Three tests to see whether your start-up is investment ready

Start-ups looking for cash might consider equity as an option to fund their early stage and ongoing funding requirements.


When talking equity, the most commonly known option is venture capital. However, venture capital funding in Australia is tightening with fewer deals completed in the 2012 financial year compared to previous years.


Also given the general downturn in the economy and the lack of returns from the venture capital sector, venture capital funds are now finding it difficult to secure funds from their traditional investor base of funds, as indicated in the AVCAL Deal Metrics Report 2012.


As a result, start-ups should consider the other equity options available to them.


A significant investor segment to consider is high-net worth individuals. According to the Capgemini and RBC Wealth Management Annual World Wealth Report, Australia is ranked as the 9th largest high-net worth investor population by country, with 180,000 high-net worth investors in 2011.


Another alternative is angel investors, who typically invest as a group of individuals to provide cash and in-kind support to seed and early stage start-ups.


The Australian Association of Angel Investors estimated angel investors invested $1 billion in 5,000 early stage businesses just in 2010.


Given the volume and number of potential investments that these two segments provide in Australia, there’s compelling motivation to investigate whether your start-up presents a good investment opportunity and is investment ready.


Here are my top three tips to evaluate whether your start-up is investment ready:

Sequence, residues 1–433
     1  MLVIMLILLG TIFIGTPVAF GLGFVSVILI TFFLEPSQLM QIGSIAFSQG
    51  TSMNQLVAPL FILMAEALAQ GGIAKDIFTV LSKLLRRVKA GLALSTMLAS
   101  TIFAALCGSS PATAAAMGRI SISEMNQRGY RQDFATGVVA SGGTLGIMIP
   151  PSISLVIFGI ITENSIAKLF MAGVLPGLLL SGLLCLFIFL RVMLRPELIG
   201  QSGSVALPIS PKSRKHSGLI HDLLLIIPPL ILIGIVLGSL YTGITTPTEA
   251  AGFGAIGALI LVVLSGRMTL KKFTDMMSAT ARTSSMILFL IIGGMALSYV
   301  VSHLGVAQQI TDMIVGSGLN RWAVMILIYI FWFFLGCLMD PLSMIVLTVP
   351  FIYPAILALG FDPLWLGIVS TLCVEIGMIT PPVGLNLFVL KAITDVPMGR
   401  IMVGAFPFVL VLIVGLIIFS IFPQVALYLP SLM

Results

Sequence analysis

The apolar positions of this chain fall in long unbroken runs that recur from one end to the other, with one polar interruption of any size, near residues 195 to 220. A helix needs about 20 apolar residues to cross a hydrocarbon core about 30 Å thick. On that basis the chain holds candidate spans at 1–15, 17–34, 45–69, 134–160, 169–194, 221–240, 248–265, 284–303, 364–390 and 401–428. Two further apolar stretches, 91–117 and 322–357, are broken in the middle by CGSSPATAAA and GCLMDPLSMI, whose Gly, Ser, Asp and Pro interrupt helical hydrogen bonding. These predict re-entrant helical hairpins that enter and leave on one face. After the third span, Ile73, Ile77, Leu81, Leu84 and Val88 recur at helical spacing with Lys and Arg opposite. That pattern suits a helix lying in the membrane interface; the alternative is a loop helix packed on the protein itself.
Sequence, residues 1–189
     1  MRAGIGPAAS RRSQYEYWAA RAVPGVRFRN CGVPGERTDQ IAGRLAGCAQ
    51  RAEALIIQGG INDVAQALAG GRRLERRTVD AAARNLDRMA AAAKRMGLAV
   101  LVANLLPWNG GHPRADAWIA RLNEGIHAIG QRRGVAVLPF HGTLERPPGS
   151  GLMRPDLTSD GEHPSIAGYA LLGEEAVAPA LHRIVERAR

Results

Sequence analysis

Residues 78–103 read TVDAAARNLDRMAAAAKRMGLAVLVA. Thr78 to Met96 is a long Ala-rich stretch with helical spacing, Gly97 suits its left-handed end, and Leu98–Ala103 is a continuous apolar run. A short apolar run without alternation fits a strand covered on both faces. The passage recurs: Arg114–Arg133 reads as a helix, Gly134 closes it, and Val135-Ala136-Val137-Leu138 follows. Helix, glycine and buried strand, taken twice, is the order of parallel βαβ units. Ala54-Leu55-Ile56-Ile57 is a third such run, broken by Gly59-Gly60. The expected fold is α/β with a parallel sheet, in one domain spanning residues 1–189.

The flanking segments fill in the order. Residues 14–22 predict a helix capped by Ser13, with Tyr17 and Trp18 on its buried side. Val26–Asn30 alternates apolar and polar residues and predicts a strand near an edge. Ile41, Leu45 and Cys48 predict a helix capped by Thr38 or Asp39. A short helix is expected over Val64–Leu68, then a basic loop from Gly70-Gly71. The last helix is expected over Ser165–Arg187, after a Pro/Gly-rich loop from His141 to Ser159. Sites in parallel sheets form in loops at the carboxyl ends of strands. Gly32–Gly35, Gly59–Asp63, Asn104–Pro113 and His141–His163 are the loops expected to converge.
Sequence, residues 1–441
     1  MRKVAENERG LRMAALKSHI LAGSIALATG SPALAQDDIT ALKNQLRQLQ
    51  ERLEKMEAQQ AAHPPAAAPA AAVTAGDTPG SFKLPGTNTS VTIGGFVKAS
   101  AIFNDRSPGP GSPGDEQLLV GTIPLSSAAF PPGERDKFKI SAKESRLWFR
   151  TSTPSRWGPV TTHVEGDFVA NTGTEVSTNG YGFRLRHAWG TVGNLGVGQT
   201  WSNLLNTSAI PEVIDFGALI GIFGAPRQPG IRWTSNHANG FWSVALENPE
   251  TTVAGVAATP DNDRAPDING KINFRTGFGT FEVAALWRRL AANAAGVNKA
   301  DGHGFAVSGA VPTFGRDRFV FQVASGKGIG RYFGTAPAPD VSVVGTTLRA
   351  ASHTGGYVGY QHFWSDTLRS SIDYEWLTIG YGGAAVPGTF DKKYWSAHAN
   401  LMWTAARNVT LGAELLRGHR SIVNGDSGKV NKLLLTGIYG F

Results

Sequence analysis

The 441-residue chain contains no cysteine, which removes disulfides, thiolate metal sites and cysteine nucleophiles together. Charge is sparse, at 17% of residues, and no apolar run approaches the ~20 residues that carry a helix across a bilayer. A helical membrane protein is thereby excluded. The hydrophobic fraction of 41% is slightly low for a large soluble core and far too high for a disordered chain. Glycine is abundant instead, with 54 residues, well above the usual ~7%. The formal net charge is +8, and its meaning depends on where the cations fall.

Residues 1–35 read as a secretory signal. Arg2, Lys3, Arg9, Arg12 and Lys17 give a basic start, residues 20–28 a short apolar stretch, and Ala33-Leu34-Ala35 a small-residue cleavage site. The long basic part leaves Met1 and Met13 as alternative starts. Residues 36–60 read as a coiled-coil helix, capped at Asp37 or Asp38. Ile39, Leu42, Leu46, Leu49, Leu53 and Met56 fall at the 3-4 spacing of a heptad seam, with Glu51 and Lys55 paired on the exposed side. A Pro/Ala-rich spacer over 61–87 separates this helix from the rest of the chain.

1. Assess whether you are the right type of business for equity investment


Investors take on a high degree of risk when they invest in a private business, so they want to know your business is scalable or saleable and will return a reasonable profit on their investment to compensate them for that risk. Scalable businesses are set up to handle massive growth often within a rapid time frame.


Saleable businesses are just that, businesses set up with a vision to be sold in the short term and provide the founder and their investors with a return on their investment as a result of that sale.


All investors expect to see a clear path to getting their cash back, plus some, either through a sale or some other form of liquidation event such as an IPO, or the introduction of other investors that buy out the initial investor group.


Venture capital funds have specific and stringent requirements around when and how that return will be delivered as funds are set up with a specified life and need to cash out and provide a return to their investors before the fund is wound up.


If your motivation is to establish a business that remains small and provides for your personal financial and lifestyle objectives with limited growth plans beyond that, you might not be a suitable candidate for equity investment and should consider your other funding options such as debt or grants.



2. Have an investment ready plan


Among other things your plan should address:

  • What type of support you need – cash or in-kind support.
  • How much cash do you need and when?
  • What are you willing to give away in return?

Investors bring money, but can also provide a wealth of contacts, industry or management expertise and knowledge. Different investors may be experienced and focused on different stages of the business cycle, some looking for seed and early stage investment, others looking for investment in later growth stages.


Match the type of investor you target to your business plans and goals and you’re more likely to be successful in engaging them.


The stage of investment also brings other considerations as well. The greener your start-up the higher the risk, the greater the return investors will expect. So if you’re still at the stage where you’re testing and proving your business idea and developing your initial customers, expect investors to ask for more.


Conversely, when your business model has been proven and you’ve started to build more value in your business, your risk will start to reduce and investors will seek a return but generally not as high as for early stage investments.


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